5. Limit your time on social media.

A huge difference between the coronavirus pandemic and past pandemics is that we have the internet. People are always checking their phones, emails and social media feeds for updates, and this can cause unnecessary fear and panic. The attention-grabbing headlines don’t help, either.

While social media is a great place to connect with others, you do want to limit your use. Allow yourself a certain amount of time every day to check on family and friends and read positive stories. In terms of staying updated on the pandemic, we recommend non-biased informational sources like the World Health Organization, Centers for Disease Control or John Hopkins.

6. Keep a healthy perspective.

Covid is something that we’re all dealing with, which means we have economic resources and social services to help people struggling with loneliness and anxiety. This is not something you have to endure alone as you would if you were going through a breakup or job loss. Everyone is experiencing challenges – we are all in this together.

7. Avoid STERBs.

STERBs are short term energy relieving behaviors like drinking, gambling or playing video games. They provide short term distractions from sad and painful feelings you don’t want to confront. Eventually, STERBs stop working and leave you with more mess than you started with as you know from your addiction.

Drugs and alcohol are known STERBs you must avoid. But beware of other, less obvious STERBs like excessive exercise, sleeping or overworking. While most STERBs are not harmful in themselves, they stop you from dealing with your emotions.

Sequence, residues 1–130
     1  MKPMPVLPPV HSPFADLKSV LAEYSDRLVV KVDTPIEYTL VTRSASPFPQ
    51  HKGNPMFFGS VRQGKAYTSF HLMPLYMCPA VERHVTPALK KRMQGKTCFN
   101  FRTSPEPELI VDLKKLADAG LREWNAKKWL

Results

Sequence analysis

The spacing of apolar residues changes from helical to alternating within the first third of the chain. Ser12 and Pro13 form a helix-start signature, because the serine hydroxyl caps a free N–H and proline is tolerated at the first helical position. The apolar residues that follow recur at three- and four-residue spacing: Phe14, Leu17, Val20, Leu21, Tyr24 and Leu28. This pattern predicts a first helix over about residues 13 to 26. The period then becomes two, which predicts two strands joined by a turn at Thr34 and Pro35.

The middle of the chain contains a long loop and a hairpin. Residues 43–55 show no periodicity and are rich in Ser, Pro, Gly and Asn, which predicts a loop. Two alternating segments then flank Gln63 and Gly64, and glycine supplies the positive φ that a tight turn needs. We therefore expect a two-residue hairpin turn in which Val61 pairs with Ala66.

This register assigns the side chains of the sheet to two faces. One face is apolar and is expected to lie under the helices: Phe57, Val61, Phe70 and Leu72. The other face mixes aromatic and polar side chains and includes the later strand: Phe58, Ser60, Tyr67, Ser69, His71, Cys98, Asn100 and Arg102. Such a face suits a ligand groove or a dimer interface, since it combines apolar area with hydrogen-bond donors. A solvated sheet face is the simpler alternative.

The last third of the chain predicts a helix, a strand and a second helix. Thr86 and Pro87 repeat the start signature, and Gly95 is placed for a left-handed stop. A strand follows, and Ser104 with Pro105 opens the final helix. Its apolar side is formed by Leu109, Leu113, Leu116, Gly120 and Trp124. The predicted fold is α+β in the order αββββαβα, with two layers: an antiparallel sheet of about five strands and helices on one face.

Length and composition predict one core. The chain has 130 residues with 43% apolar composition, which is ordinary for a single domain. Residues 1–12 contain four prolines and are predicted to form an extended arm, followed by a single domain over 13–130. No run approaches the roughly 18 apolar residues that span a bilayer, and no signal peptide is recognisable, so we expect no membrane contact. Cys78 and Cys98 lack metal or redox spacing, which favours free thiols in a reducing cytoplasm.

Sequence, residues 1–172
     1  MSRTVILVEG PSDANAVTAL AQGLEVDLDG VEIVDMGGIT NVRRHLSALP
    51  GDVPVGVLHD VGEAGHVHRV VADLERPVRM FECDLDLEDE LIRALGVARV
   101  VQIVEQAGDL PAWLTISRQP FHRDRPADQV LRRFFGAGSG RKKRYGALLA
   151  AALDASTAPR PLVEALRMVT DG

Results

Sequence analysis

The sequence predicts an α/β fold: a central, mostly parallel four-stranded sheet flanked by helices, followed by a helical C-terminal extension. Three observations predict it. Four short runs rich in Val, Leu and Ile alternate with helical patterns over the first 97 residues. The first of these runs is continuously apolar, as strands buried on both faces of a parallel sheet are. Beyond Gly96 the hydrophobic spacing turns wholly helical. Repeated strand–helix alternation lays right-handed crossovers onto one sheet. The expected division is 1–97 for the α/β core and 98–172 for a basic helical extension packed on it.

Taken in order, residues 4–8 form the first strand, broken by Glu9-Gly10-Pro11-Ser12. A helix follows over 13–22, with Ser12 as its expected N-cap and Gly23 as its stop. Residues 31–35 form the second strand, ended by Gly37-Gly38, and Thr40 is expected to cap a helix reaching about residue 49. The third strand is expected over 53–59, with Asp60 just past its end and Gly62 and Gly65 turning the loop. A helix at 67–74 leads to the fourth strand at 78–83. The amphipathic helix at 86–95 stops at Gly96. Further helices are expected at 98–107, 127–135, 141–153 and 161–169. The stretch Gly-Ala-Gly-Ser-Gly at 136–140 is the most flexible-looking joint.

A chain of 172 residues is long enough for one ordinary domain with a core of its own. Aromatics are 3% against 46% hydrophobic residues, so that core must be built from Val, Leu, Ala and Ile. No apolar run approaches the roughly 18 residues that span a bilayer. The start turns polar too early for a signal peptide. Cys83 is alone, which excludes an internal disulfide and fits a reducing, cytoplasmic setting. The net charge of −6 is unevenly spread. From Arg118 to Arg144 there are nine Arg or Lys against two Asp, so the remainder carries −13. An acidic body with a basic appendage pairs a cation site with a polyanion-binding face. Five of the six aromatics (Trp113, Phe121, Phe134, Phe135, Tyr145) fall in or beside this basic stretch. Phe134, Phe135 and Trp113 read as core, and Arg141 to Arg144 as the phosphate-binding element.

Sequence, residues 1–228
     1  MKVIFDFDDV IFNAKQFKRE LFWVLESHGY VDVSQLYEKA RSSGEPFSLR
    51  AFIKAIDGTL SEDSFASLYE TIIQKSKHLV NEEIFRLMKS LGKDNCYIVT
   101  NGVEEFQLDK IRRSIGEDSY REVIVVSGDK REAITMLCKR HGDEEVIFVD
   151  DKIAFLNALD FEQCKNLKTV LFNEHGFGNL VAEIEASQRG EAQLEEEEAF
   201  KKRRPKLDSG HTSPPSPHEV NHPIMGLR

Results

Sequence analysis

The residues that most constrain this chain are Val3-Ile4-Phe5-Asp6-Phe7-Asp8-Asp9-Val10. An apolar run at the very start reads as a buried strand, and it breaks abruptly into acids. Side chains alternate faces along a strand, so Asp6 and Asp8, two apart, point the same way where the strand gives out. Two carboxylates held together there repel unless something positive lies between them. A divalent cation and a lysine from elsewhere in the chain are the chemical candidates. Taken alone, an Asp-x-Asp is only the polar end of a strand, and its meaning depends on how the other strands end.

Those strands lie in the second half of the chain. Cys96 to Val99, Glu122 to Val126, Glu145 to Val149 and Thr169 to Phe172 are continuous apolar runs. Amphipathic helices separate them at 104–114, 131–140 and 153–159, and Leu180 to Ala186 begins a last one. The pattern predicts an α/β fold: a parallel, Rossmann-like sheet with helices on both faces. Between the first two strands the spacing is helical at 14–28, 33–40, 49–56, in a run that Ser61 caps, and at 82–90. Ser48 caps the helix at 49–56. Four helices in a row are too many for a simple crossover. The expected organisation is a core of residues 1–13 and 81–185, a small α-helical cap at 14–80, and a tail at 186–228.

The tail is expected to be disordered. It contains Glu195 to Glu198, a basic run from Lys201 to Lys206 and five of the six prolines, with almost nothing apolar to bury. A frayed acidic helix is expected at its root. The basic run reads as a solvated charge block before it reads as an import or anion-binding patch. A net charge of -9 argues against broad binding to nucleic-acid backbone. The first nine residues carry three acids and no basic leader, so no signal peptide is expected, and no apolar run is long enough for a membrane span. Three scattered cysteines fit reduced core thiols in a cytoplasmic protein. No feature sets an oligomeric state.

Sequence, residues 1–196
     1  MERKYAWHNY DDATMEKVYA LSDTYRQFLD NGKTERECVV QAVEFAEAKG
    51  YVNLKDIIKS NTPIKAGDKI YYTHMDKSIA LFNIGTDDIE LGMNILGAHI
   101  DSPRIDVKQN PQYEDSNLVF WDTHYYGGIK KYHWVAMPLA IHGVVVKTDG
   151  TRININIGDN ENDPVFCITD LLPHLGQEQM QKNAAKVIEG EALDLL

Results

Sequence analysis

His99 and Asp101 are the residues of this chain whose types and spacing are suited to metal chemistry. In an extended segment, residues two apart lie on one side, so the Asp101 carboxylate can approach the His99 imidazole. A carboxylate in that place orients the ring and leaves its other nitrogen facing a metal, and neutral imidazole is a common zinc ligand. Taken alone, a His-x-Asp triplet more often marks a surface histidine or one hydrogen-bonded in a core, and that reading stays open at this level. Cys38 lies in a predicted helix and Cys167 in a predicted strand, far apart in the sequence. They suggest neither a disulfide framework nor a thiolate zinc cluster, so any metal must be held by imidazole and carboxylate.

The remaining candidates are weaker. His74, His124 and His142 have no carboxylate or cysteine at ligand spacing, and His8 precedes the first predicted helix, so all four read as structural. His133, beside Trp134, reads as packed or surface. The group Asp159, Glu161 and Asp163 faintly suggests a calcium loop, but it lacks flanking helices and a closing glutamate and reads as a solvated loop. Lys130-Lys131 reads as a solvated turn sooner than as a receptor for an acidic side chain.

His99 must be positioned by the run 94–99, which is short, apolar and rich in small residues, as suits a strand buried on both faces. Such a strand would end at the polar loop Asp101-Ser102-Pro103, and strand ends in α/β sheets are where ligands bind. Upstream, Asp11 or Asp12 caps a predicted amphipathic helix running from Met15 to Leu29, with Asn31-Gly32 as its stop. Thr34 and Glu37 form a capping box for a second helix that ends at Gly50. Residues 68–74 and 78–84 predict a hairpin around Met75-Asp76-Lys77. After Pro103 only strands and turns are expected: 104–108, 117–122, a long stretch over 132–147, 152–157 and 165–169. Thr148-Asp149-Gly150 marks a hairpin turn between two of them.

8. Practice your present moment thinking.

During your time in holistic outpatient addiction treatment, you learned the importance of living in the present. This one-day-at-a-time mentality has probably helped you get through drug cravings, and it can help with the pandemic, too. When you focus on the present, you eradicate worries about the future and experience the joy of living in the moment.

9. Attend 12-step meetings online.

Continue attending your 12-step groups, even if they have shifted to a virtual format. These mutual support programs provide support, guidance and connections to others. However, if you need to attend a session in person, this may be possible. Because 12-step groups are considered essential, some are still allowing for traditional meetings.

10. Allow yourself to feel.

Don’t flee your emotions, as you know where this can get you. This is an unprecedented time we’re living in, and there is no one right way to feel. You may even notice that each day is different. Some days, you may feel cautiously optimistic. Other days, you may feel sad or stressed. This is all okay. Allow yourself to process your emotions and be honest about the sources of your anxiety.

Continuum Recovery of Colorado remains open during the COVID-19 pandemic. We are trying to keep things as normal as possible, though our outpatient groups have moved to a virtual platform to keep our clients and staff safe. If you are struggling with loneliness or anxiety during Covid-19 or if you have questions about our Denver treatment center, contact us today.